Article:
PubMed Abstract | Google Scholar

Bauer, D. W., Huffman, J. B., Homa, F. L., and Evilevitch, A. (2013). Herpes virus genome, the pressure is on. J. Am. Chem. Soc. 135, 11216–11221. doi: 10.1021/ja404008r

PubMed Abstract | CrossRef Full Text | Google Scholar

Bedson, S. P., and Gostling, J. V. (1956). Observations on the mode of multiplication of herpes virus. Br. J. Exp. Pathol. 37, 434–446.

PubMed Abstract | Google Scholar

Cai, W., and Schaffer, P. A. (1991). A cellular function can enhance gene expression and plating efficiency of a mutant defective in the gene for ICP0, a transactivating protein of herpes simplex virus type 1. J. Virol. 65, 4078–4090.

PubMed Abstract | Google Scholar

Chang, L., Godinez, W. J., Kim, I. H., Tektonidis, M., de Lanerolle, P., Eils, R., et al. (2011). Herpesviral replication compartments move and coalesce at nuclear speckles to enhance export of viral late mRNA. Proc. Natl. Acad. Sci. U.S.A. 108, E136–E144. doi: 10.1073/pnas.1103411108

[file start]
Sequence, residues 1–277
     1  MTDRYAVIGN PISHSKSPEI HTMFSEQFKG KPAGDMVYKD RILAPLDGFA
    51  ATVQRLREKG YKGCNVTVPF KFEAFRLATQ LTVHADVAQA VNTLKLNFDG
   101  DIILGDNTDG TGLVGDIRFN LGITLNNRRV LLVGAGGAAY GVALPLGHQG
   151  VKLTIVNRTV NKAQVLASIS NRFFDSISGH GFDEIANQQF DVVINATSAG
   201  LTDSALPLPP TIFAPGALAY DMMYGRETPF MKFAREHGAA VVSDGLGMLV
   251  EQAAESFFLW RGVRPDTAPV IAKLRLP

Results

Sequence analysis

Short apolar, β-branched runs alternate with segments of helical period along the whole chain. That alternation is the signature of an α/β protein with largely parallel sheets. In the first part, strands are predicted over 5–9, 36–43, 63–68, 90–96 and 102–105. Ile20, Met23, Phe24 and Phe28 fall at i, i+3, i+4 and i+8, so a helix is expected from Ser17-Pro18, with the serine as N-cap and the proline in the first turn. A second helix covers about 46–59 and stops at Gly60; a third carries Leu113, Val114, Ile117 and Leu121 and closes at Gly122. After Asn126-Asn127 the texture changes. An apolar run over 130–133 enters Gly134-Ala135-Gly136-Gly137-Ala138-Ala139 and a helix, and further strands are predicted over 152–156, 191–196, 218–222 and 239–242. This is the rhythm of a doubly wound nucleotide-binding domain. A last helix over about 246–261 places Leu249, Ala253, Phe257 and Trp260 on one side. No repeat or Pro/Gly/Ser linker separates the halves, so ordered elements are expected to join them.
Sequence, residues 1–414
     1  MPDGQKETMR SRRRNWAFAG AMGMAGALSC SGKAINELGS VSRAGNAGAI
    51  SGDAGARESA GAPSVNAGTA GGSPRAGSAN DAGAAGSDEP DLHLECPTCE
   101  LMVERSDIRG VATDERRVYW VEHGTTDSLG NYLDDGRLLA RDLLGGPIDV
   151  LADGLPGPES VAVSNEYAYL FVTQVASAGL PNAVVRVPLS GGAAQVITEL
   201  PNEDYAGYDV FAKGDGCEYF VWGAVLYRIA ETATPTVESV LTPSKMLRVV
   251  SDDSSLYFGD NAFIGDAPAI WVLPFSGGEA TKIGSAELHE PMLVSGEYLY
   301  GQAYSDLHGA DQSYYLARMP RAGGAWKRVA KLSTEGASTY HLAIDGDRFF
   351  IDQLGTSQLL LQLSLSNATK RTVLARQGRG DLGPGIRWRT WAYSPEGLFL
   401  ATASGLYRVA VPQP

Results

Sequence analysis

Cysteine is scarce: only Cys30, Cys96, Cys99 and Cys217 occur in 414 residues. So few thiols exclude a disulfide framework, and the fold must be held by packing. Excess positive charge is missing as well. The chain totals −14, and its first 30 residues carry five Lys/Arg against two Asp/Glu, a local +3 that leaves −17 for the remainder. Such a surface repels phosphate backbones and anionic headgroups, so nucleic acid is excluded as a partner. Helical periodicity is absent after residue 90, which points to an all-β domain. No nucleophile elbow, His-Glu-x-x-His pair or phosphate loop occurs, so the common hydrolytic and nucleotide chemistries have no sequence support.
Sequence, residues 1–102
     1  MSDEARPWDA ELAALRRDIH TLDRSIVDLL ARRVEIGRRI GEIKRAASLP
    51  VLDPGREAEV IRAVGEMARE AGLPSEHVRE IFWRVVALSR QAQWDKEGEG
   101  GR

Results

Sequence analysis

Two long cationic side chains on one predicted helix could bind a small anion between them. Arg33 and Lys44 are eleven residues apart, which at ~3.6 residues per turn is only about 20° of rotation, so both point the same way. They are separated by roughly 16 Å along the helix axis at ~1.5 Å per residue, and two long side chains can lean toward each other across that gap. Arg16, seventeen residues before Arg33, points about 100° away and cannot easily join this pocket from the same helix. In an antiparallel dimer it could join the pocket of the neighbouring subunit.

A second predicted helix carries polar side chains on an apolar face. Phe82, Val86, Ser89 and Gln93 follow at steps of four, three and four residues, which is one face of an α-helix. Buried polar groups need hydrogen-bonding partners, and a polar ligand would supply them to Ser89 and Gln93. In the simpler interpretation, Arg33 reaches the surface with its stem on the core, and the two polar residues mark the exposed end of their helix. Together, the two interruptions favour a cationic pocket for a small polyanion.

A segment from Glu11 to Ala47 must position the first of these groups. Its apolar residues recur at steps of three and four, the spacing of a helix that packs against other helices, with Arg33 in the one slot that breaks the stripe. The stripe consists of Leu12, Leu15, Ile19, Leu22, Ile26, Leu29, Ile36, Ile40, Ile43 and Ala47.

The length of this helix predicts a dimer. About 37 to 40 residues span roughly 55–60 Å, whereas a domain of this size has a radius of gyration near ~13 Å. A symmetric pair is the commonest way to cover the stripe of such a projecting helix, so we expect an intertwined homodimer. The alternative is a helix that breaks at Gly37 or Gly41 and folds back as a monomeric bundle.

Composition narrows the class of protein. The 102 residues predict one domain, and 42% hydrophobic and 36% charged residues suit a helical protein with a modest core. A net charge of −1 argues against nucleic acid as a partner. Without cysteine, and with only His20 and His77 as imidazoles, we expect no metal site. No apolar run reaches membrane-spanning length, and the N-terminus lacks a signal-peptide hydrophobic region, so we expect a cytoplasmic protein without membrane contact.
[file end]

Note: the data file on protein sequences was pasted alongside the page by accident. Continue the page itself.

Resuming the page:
PubMed Abstract | CrossRef Full Text | Google Scholar

Cohen, E. M., and Kobiler, O. (2016). Gene Expression correlates with the number of herpes viral genomes initiating infection in single cells. PLoS Pathog 12:e1006082. doi: 10.1371/journal.ppat.1006082

PubMed Abstract | CrossRef Full Text | Google Scholar

Cohen, G. H., Vaughan, R. K., and Lawrence, W. C. (1971). Deoxyribonucleic acid synthesis in synchronized mammalian KB cells infected with herpes simplex virus. J. Virol. 7, 783–791.

PubMed Abstract | Google Scholar

Combe, M., Garijo, R., Geller, R., Cuevas, J. M., and Sanjuan, R. (2015). Single-cell analysis of RNA virus infection identifies multiple genetically diverse viral genomes within single infectious units. Cell Host Microbe 18, 424–432. doi: 10.1016/j.chom.2015.09.009